וַיַּקְרִיבוּ לִפְנֵי יְהוָֹה אֵשׁ זָרָה אֲשֶׁר לֹא צִוָּה אֹתָם – and they brought before the Lord foreign fire, which He had not commanded them.
On the day of their installation, wearing their priestly vestments, Nadab and Abihu were overcome by ecstasy and by the desire to express their emotions. The incense that they burned was identical to that which their father Aaron had offered. But there was one significant difference. Aaron was obeying God’s will, while Nadab and Abihu performed an action that God had not commanded.
The sin of Nadab and Abihu illustrates a dichotomy in one’s approach to religious observance: religious divine service, with its accompanying discipline, versus ceremonial experience. A mitzvah is not merely a perfunctory action. It must also translate into experiential terms. The Torah demands that we experience joy and satisfaction when we perform a mitzvah.
There are two ways to achieve that exalted state: the Jewish way and the pagan way. The Jewish way requires us to fashion our lives according to God’s discipline, as illustrated by the word וְצִוָּנוּ.
The reason we perform the mitzvah is our absolute surrender to God’s will. Eventually, we must progress from that surrender to a profound spiritual experience that encompasses our entire being. Prayer begins as an obligatory, even compelled act, with rigid requirements of time, location, and behavior. We are particularly aware of this during the winter or in inclement weather when we must venture out into the cold for minyan early in the morning and at night. However, as we progress in our relationship to prayer, we feel the rewards of intimate communion with God.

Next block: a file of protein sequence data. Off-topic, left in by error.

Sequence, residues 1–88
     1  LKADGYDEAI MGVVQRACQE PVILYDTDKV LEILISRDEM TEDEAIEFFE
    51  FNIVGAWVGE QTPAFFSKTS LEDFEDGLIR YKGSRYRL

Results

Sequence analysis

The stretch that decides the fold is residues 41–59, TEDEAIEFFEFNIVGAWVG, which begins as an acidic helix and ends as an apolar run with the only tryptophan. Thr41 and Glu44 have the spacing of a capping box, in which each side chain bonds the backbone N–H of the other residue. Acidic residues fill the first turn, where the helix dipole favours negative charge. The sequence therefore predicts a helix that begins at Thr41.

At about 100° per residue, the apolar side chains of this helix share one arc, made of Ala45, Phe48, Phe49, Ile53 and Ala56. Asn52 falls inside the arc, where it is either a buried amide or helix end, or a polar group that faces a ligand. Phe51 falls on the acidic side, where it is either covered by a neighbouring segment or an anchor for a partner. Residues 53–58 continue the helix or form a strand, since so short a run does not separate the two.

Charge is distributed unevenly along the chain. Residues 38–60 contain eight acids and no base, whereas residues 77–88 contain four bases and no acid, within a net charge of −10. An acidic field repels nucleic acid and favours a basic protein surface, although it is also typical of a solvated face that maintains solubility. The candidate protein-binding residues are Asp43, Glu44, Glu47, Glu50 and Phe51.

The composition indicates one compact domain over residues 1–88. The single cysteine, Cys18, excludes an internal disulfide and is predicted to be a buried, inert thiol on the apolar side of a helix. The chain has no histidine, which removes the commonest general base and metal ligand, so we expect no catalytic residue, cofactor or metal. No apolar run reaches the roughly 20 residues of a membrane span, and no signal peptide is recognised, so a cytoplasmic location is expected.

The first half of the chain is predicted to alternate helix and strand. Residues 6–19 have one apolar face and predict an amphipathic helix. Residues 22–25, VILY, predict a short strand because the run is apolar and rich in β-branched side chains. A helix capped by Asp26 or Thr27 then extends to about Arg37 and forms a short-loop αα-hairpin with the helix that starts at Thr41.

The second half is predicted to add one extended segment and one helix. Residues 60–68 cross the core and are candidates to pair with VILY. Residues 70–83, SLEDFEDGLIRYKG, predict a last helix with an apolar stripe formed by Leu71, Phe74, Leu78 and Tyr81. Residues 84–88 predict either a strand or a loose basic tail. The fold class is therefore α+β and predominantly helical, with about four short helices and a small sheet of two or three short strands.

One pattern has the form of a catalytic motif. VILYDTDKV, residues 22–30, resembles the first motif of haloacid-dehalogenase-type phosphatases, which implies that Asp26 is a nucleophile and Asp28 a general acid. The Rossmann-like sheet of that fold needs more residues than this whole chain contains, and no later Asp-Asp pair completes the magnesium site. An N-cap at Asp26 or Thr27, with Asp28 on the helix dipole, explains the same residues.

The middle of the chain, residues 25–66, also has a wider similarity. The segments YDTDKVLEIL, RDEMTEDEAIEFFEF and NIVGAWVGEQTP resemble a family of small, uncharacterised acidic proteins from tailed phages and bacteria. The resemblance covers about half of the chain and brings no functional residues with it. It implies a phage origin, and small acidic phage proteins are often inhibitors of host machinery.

The pagan approach, which is the antithesis of the Torah approach, begins with excitement and culminates in sin and disillusionment. It very much parallels the approach of the modern world, where one uses drugs or alcohol to create an artificial feeling of euphoria, masking one’s actual life situation of disappointment and futility.
Korah erred in this matter, confusing the ceremonial with God’s command. According to the Sages, Korah attempted to discredit Moses by posing two questions: If a person wears a garment that is made entirely of techeles (the biblically-mandated blue of the tzitzis fringe), is it valid for the fulfillment of the mitzvah of tzitzis? If a house is filled with sacred books, must a mezuzah still be affixed to its doorpost? When Moses said yes to both questions, Korah mocked him (Yalkut Shimoni Korach 750). Korah’s error was his undue focus on the ceremonial aspect of the mitzvah while ignoring the aspect of God’s command, which is the most important.
The transgression of Nadab and Abihu, whom the Torah describes as sanctified, was that they brought before the Lord foreign fire, which He had not commanded them. The divine command and our discipline in obeying that command are the only healthy routes to religious inspiration. Any deviation is unacceptable and ultimately doomed to failure. (Darosh Darash Yosef, pp. 223-226)